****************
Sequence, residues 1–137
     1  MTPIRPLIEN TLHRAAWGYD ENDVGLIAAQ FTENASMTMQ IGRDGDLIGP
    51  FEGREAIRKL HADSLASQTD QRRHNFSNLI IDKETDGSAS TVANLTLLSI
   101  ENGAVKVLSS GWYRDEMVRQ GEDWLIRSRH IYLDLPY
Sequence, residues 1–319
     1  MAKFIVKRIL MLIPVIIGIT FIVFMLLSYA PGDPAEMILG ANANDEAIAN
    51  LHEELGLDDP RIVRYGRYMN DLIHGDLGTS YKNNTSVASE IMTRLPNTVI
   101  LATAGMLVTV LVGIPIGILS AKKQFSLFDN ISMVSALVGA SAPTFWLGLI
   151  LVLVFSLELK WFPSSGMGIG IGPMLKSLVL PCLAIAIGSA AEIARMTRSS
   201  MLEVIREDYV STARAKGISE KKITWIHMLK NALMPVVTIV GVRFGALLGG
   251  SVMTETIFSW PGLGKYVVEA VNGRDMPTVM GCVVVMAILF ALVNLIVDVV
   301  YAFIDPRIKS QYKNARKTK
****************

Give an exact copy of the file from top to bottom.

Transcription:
Sequence, residues 1–137
     1  MTPIRPLIEN TLHRAAWGYD ENDVGLIAAQ FTENASMTMQ IGRDGDLIGP
    51  FEGREAIRKL HADSLASQTD QRRHNFSNLI IDKETDGSAS TVANLTLLSI
   101  ENGAVKVLSS GWYRDEMVRQ GEDWLIRSRH IYLDLPY
Sequence, residues 1–319
     1  MAKFIVKRIL MLIPVIIGIT FIVFMLLSYA PGDPAEMILG ANANDEAIAN
    51  LHEELGLDDP RIVRYGRYMN DLIHGDLGTS YKNNTSVASE IMTRLPNTVI
   101  LATAGMLVTV LVGIPIGILS AKKQFSLFDN ISMVSALVGA SAPTFWLGLI
   151  LVLVFSLELK WFPSSGMGIG IGPMLKSLVL PCLAIAIGSA AEIARMTRSS
   201  MLEVIREDYV STARAKGISE KKITWIHMLK NALMPVVTIV GVRFGALLGG
   251  SVMTETIFSW PGLGKYVVEA VNGRDMPTVM GCVVVMAILF ALVNLIVDVV
   301  YAFIDPRIKS QYKNARKTK